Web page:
TOUR de France organisers unveiled a 2017 course yesterday that is light on mountain climbs, which should boost reigning champion Chris Froome’s bid for a fourth title. The visually spectacular 104th race over 3516 kilometres (2183 miles) starts in Dusseldorf, Germany on July 1 with the traditional time trial. There are only five real mountain stages, fewer than in 2016.
“This Tour de France route has been designed to be won by a true champion,” Tour director Christian Prudhomme said, without naming the early favourite.
If the playing field has been levelled by cutting down on mountains, the alternative challenges opens the door to he who dares, Prudhomme promised.
The opening 13km time trial offers world champion time-triallist Tony Martin the chance to clinch the yellow jersey on stage one when the Tour opens in his native Germany for the first time in 30 years.
As the tour starts in the north, Prudhomme explained the route has to be “J” shaped, and this year misses the north and west of France entirely as it enters France via Belgium.
There are nine varied flat stages, five hilly ones designed to shake up the field, and five real mountain stages with a visual backdrop that will amplify the exploits of the athletes who excel there.
And while the crucial penultimate day’s time trial starting at the Marseille Velodrome football stadium is only 23km long, it will be run in searing heat and feature a 1km stretch at 18 percent gradient.
Contrary to nearly all the preceding Tours, there will never be more than two consecutive days of climbing.
The Tour’s toughest stage on paper is the 214km Pyrenean run from Pau to Peyragudes, which features the mountain where the James Bond film Tomorrow Never Dies was partly filmed, and has a summit finish as the fifth climb of the day.
In stark contrast, the following day’s stage 13 is a short but spectacular 100-km mountain run from Saint Girons culminating in a 27km hair-raising descent to Foix, featuring extreme climbs and descents along the way.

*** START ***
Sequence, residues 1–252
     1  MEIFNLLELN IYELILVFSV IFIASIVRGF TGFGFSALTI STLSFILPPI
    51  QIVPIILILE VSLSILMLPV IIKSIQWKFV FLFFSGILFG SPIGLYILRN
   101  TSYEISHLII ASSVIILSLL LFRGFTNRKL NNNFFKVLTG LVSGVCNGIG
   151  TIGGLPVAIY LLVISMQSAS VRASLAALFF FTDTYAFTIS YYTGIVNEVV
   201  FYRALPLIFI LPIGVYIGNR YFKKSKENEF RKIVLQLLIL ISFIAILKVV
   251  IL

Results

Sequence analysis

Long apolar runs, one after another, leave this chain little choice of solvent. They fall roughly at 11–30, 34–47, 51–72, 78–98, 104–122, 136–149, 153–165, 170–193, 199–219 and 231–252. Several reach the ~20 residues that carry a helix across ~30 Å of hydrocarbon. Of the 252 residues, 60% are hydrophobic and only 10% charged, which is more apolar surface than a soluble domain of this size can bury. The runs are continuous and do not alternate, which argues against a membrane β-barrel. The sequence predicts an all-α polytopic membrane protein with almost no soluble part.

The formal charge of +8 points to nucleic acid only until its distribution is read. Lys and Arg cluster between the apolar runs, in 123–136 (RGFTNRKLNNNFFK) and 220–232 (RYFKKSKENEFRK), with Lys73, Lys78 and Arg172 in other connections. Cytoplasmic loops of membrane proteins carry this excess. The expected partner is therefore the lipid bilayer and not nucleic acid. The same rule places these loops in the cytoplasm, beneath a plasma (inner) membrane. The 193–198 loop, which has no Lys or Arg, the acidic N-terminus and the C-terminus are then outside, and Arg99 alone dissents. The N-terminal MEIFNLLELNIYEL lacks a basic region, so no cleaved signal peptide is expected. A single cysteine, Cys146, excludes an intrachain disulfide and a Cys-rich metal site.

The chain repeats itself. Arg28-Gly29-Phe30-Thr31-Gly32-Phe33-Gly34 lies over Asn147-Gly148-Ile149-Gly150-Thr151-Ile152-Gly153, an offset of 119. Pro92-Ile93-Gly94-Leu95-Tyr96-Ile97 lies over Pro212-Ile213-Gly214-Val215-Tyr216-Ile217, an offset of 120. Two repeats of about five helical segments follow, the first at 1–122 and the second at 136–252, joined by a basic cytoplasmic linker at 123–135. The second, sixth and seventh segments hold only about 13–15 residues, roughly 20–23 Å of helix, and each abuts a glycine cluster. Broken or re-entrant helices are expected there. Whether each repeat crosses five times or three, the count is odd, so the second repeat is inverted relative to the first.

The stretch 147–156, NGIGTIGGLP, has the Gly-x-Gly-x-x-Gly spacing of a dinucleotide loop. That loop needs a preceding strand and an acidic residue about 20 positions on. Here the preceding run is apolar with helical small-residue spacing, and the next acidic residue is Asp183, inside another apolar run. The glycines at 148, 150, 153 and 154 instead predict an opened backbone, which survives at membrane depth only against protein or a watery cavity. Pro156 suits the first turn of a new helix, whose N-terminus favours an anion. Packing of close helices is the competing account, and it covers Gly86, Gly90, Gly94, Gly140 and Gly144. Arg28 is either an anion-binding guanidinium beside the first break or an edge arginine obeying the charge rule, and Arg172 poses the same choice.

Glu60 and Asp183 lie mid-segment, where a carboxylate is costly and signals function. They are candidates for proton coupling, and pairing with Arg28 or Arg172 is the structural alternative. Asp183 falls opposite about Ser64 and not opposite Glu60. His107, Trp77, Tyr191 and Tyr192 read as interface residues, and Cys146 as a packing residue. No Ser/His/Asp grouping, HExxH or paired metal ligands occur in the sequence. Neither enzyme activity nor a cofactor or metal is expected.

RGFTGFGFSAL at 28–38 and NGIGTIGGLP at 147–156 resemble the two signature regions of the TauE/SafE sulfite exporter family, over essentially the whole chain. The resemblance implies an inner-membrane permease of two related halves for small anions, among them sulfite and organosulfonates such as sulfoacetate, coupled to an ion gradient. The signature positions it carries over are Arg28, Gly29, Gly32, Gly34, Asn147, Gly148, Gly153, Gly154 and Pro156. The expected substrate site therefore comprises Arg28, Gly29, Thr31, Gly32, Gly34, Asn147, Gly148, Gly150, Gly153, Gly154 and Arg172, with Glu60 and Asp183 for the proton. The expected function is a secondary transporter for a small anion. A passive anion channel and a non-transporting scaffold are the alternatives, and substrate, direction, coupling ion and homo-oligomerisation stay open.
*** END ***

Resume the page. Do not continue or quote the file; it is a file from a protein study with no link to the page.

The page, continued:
This in turn is followed by a day for punchers and will evoke powerful memories for both the Olympic champion Greg Van Avermaert and world road champion Peter Sagan. The 181km 14th stage culminates in Rodez, where the Belgian out-paced Sagan for a stage win in 2015.
But even in the first week there will be a variety of stages, including sprint segments, challenging wind-blown plains, and on day five the Planches Des Belles Filles, where Bradley Wiggins claimed the yellow jersey in 2012 on a day Chris Froome won the stage.
There was further good news for Froome when it was announced that around 10km of mountain terrain, at crucial tactical climb points, would be stripped of roadside fans. The champion in 2013, 2015 and 2016 suffered an accident caused by packed crowds on Mont Ventoux last year that saw him run part way to the summit, having abandoned a broken bike.
The two Alpine stages on days 17 and 18, meanwhile, will finish at the summit of the Izoard.
The most watched of all the stages by television audiences is the final day jaunt to Paris and the 10 laps of the Champs Elysees, which is generally won by a top sprinter such as Mark Cavendish, Andre Grepel or Marcel Kittel. –
Team Sky rider Christopher Froome (second left, in yellow) of Great Britain leads the pack of riders during the 21st and final stage of the 103rd Tour de France on July 24.